Local stress: The US regional banks under pressure

The sudden collapse of Silicon Valley Bank and the subsequent failures of Signature and First Republic have focused attention on the US regional banking sector, as investors and policymakers looked for other lenders that might share the same vulnerabilities. The KBW regional banks index has dropped nearly 30 per cent since early March.

US Federal Reserve Chairman Jay Powell said this week that he believed that Monday’s sale of First Republic’s loans and assets to JPMorgan Chase was “an important step toward drawing a line under that period of severe stress”, adding that the deposit outflows that followed SVB’s demise “have really stabilised now”. But the share prices of some institutions remain profoundly depressed. 

The term regional bank covers a diffuse and diverse group of institutions. They sit in the middle to upper tier of a US banking sector that includes 5,000 lenders and ranges from JPMorgan, with $3.7tn in assets, to tiny one-branch community banks.

A Financial Times analysis considered publicly traded banks with $40bn to $400bn in assets and highlighted those that have seen the largest fall in total shareholder return since March 8, the day SVB really began to wobble. We then gathered data that illuminates each institution’s perceived strength, size and business model.

Although some banks have issued updated figures, the chart used numbers from March 31, the last reporting date, in order to provide consistency on specific issues that have been cited as potential causes of financial stress.

Rapid deposit outflows, particularly from accounts too large to be covered by the government insurance scheme, were the main reason the Federal Deposit Insurance Corporation shut down SVB, Signature and First Republic.

SVB’s problems were exacerbated by large unrealised losses on securities holdings that suddenly crystallised when it needed cash to meet deposit outflows. Commercial real estate and lending to that sector is highly vulnerable to rapidly rising interest rates.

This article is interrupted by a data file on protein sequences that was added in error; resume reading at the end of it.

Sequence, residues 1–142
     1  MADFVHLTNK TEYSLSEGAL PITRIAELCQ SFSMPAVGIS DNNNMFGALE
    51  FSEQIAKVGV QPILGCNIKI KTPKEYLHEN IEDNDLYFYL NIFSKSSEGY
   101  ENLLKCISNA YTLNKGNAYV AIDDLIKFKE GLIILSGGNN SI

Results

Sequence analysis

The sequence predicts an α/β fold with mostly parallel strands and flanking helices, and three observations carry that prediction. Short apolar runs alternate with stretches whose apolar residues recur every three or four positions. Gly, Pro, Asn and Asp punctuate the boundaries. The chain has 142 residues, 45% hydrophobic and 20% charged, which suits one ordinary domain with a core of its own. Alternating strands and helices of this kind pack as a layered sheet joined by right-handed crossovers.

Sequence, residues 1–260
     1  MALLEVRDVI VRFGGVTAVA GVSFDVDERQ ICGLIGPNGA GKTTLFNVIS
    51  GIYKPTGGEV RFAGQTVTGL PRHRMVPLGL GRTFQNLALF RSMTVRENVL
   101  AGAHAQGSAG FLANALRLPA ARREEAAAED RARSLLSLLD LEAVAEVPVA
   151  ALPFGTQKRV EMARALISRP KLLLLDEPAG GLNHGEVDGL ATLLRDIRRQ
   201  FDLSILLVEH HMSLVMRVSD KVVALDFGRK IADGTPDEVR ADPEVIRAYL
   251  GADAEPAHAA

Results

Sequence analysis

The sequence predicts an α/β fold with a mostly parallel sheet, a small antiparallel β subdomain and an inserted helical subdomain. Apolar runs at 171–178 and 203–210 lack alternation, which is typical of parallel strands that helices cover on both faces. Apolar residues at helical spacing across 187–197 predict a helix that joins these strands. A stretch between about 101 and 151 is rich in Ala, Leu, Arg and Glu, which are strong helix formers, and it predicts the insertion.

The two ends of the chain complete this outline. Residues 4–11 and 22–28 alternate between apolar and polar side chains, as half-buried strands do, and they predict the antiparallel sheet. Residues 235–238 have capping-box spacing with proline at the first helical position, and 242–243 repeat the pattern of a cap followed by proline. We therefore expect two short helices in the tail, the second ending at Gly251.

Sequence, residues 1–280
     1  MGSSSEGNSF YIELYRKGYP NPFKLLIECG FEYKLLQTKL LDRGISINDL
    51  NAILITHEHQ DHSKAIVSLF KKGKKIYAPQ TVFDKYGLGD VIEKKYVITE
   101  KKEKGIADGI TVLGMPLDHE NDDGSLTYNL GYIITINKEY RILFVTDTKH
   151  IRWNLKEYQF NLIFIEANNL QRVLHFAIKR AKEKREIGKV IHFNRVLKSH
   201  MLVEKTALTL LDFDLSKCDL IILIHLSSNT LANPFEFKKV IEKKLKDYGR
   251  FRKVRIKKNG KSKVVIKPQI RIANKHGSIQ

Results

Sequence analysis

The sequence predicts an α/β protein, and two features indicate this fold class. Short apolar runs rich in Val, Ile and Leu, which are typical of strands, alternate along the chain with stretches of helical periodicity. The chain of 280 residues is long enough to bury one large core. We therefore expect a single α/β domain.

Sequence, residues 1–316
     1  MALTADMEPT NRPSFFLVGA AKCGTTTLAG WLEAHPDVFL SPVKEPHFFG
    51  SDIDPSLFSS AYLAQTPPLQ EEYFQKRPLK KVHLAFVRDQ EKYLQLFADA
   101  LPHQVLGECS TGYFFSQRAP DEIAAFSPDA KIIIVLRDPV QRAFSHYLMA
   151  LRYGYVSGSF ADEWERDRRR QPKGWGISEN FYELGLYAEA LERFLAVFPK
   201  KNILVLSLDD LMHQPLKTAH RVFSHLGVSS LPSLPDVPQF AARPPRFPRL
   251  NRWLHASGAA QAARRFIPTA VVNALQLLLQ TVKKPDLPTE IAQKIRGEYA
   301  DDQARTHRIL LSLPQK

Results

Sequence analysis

Price change — The percentage drop of the bank’s share price since March 8th, two days before SVB failed, until May 5th. (Factset)

Price-to-Book — The ratio compares a bank’s total market value to the value it says all of its loans, investments and other assets, minus its debt, are worth. (Factset)

Uninsured deposits — The percentage of deposits at each bank above the insured level of $250,000 as of March 31. (FDIC and company reports)

Commercial real estate as a percentage of total loans — The percentage of loans to owners of commercial properties, like office buildings or shopping malls, as of March 31. CRE is defined differently by different banks and we have used for the most part the figures presented by the banks in their most recent earnings reports. FNB, Old National, Pinnacle Financial Partners and SouthState present figures for CRE and for owner occupied CRE, which we have combined in the table. PacWest included CRE and multi-family CRE, most commonly taken to mean apartment buildings, which we again combined. Cullen/Frost Bankers and First Republic did not report a figure so we have presented the most recent figure they filed with the FDIC.

Unrealised losses — The value in billions of the paper losses that banks estimate they have incurred on their bond portfolios as of March 31. (FDIC)

Total Deposits and the Change in Quarterly Deposits are as of March 31. (FDIC)

*First Republic was closed by the FDIC at the start of May, with most of its assets and deposits sold to JPMorgan. Silicon Valley Bank and Signature Bank were excluded as they had both failed before reporting March 31 numbers.


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